Rugby and business- a few parallels
Gammell talked fondly of how he learned the most important lessons of business in an unlikely place: on the rugby field. As the audience laughed politely, Bill went on to explain how the two are inextricably linked.
For one, in Rugby you need people of all difference shapes and sizes playing their part in various positions. Is this much different from your typical organisation? Successful businesses are made up of diverse teams with complementary skills.
In Rugby, it doesn’t work if one person just hogs the ball and refuses to pass. Much like in a business, workloads and information need to be shared out. At brightsolid, one of our core values is “sharing knowledge is the real power”. While knowledge is great, it doesn’t do much if it’s just locked in one person’s head. We understand that if we are to thrive, we have to pass on the knowledge, just as a thriving rugby team needs to pass the ball.
Bill’s final lesson was about leadership. Just like a line manager or a CEO, the best rugby captains don’t simply manage their teams, they lead them. The captain that simply manages chooses the team and make sure everyone gets there on time, the leader inspires them to play well and uses tactics effectively to win.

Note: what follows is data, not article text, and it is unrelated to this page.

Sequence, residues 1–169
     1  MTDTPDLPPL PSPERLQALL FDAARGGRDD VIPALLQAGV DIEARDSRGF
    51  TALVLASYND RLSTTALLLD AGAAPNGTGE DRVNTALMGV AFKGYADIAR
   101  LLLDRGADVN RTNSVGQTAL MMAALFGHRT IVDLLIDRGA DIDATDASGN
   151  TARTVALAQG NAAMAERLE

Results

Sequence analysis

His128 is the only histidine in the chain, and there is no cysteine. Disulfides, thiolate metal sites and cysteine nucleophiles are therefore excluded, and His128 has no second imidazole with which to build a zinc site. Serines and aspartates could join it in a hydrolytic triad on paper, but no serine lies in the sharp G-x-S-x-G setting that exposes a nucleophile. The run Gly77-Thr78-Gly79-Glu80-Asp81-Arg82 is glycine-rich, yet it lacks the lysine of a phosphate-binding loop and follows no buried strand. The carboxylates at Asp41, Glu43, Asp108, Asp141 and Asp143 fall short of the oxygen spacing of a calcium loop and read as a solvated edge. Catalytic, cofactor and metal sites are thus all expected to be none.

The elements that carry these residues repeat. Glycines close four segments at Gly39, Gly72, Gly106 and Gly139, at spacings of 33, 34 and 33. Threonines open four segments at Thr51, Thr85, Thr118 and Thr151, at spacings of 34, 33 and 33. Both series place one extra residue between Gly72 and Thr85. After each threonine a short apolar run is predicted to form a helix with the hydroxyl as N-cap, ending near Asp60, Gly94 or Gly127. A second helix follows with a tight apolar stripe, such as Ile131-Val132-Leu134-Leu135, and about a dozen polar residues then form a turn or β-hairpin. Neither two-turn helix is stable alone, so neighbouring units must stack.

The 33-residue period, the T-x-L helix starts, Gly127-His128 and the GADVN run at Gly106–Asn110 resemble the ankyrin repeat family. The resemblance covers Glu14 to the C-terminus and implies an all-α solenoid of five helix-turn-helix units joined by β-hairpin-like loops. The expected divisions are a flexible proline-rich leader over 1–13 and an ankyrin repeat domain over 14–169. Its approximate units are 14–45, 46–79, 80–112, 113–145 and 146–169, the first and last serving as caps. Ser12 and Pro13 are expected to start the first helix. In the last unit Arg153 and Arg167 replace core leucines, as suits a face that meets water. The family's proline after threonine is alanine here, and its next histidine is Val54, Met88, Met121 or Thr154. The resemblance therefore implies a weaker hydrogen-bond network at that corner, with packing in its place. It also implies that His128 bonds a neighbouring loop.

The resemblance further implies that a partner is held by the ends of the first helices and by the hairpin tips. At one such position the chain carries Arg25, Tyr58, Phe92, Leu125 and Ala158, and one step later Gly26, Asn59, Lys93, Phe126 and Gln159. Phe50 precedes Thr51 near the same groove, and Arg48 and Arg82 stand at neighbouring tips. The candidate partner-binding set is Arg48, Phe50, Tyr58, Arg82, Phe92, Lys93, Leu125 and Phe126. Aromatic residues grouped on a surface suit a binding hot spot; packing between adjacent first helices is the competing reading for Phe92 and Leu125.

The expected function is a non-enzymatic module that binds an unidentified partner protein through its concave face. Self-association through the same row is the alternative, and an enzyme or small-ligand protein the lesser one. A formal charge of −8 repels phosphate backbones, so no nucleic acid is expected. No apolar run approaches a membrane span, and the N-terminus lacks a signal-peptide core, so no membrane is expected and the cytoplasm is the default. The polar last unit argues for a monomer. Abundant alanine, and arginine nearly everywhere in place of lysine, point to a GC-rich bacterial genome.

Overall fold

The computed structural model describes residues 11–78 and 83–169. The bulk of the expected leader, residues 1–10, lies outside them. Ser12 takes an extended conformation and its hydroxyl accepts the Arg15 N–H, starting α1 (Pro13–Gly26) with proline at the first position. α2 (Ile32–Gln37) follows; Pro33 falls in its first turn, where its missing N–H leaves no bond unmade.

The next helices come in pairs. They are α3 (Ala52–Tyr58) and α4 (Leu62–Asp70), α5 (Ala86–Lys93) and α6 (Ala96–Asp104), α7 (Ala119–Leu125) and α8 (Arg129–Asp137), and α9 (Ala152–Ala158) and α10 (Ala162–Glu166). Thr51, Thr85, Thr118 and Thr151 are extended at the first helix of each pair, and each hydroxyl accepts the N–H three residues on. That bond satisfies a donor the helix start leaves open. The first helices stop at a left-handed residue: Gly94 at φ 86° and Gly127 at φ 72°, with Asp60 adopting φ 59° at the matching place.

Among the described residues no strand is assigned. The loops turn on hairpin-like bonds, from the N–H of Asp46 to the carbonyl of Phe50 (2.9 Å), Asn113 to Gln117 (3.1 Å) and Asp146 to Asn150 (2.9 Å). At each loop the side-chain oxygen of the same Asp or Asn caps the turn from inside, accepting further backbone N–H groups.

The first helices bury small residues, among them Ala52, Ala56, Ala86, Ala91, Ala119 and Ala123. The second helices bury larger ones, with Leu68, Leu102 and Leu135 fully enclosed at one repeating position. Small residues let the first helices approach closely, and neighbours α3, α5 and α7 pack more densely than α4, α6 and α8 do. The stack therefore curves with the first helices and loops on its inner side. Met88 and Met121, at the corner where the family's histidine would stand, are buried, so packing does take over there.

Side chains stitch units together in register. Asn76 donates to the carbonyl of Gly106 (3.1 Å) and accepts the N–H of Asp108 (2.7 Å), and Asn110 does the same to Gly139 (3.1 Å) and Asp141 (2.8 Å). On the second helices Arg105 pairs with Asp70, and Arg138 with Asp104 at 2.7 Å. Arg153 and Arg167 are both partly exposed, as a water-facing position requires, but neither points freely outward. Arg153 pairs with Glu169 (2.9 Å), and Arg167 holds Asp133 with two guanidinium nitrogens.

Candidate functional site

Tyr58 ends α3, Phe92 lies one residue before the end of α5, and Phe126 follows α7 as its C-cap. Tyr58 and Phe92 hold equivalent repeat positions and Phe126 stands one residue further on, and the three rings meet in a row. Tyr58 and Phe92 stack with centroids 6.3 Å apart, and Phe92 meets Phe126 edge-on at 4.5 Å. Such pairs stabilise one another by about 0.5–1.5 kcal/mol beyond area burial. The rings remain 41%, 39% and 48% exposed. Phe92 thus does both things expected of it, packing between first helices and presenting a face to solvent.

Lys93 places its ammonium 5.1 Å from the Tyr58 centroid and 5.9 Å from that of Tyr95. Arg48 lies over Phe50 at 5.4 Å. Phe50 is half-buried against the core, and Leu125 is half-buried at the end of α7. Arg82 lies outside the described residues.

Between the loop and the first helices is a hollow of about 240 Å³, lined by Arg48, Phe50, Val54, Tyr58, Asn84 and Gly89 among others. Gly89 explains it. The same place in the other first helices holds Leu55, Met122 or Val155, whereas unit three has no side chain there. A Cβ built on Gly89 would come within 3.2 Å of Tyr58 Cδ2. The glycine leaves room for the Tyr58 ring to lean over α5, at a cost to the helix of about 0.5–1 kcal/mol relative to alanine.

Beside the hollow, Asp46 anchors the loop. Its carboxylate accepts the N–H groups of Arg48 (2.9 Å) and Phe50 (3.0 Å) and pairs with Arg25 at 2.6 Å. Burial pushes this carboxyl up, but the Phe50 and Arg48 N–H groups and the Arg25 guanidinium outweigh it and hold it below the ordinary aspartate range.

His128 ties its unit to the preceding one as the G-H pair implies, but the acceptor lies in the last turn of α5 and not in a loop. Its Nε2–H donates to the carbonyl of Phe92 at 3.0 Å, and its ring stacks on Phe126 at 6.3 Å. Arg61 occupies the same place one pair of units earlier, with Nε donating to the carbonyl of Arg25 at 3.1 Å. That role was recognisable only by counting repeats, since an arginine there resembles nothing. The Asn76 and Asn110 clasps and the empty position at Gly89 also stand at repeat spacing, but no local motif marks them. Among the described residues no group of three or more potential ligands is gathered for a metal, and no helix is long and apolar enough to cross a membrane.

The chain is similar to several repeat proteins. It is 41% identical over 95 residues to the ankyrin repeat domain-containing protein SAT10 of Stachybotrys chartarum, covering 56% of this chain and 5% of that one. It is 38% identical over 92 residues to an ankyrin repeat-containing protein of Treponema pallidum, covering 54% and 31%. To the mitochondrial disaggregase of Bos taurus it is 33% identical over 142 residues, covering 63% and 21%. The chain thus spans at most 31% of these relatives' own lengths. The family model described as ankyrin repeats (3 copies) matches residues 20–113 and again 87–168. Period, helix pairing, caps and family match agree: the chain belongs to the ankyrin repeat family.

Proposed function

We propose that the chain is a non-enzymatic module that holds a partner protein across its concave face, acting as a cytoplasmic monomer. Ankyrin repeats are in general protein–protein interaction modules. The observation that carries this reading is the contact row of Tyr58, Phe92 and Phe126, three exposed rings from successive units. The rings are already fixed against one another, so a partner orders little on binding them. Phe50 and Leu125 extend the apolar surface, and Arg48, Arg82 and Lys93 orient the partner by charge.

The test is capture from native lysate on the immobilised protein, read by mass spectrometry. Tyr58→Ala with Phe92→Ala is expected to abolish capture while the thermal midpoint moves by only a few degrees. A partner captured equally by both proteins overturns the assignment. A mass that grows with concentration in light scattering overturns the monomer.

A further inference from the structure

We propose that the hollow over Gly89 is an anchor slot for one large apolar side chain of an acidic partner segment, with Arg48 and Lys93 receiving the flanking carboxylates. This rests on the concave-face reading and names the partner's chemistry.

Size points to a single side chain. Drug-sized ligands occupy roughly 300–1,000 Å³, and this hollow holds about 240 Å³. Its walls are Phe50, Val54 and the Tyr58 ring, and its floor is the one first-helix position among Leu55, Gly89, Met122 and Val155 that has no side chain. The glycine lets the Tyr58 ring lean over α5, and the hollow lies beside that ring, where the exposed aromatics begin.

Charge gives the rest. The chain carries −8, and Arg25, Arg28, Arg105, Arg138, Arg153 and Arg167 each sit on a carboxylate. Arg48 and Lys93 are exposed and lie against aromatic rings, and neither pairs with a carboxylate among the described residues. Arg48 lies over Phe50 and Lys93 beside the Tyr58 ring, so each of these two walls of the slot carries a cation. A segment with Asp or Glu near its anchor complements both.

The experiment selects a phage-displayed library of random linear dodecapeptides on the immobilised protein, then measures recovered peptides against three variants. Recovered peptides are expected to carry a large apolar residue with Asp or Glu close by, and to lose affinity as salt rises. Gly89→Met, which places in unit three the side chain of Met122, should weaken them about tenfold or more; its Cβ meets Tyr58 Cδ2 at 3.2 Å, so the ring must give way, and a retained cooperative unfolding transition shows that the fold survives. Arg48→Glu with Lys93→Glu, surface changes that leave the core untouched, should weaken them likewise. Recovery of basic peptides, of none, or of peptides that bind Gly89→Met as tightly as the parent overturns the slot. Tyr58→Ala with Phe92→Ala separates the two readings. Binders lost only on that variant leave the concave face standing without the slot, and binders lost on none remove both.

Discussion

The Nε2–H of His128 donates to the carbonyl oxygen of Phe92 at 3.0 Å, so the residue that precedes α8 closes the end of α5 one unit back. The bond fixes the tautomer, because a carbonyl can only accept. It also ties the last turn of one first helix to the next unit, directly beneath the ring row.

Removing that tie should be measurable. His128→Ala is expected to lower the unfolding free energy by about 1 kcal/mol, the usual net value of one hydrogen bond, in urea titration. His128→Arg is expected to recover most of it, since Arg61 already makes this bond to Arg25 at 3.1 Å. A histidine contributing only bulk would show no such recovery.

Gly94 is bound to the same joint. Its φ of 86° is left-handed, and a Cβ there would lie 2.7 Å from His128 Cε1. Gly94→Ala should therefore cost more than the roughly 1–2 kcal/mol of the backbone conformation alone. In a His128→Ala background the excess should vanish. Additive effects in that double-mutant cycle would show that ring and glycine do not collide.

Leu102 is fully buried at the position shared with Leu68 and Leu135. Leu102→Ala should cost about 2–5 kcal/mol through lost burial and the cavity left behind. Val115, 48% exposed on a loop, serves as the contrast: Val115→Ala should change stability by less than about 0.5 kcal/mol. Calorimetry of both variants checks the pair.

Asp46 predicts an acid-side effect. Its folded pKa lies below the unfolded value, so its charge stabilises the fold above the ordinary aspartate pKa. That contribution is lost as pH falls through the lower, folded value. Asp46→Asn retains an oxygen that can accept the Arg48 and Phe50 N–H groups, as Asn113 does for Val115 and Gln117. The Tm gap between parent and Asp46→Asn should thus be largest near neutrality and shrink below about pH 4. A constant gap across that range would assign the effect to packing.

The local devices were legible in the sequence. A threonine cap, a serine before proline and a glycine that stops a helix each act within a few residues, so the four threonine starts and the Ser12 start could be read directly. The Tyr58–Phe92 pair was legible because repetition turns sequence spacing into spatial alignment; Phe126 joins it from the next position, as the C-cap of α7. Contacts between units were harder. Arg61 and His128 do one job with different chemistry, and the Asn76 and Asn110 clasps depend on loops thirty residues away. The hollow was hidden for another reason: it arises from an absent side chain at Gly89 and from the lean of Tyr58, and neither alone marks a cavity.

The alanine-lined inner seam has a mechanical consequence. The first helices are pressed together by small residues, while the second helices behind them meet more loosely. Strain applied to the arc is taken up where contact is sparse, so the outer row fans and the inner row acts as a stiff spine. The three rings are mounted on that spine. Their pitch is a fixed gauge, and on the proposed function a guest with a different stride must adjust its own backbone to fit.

Bill was full of little nuggets of advice in the form of soundbites which those close to him referred to as “Billisms”.
Some of the Billisms dealt with investment advice. He urged the audience not to take investment opportunities on face value and to “half the reward and double the risk”, and never go all in on any investment, as his dad would say “never bet the farm”.
Bill talked of how he used to advise his employees to “drill to you drop”. This isn’t just about oil exploration, at the heart of it, this Billism is about pushing yourself until you can go no further.
When Gammell sent his staff on exploration expeditions to far-away lands, he would trust them to use their own best judgment in making decisions, telling them to “proceed until apprehended”. Trusting and empowering staff is something we take very seriously at brightsolid. We have integrated the AMP model into much of our management style, that is, giving staff Autonomy, allowing them to develop Mastery all the while with a sense of Purpose.
The final Billisms, and perhaps Bill’s personal favourite, is “there is no bar”. There is no bar relates to the growth mindset. It says that the only bar or limits are the ones you set for yourself. With a growth mindset and a lot of hard work, there is no bar as to what you or your business can achieve.
Thanks to Entrepreneurial Scotland for putting on such a good event, and thank you to Bill Gammell for sharing his knowledge and wisdom. As the Chief Executive of Entrepreneurial Scotland, Sandy Kennedy, rounded off the event, “if you have a growth mindset, entrepreneurial Scotland is for you”.
brightsolid has been a big supporter of Entrepreneurial Scotland as part of our commitment to being socially responsible. Find out more about our other socially responsible initiatives here.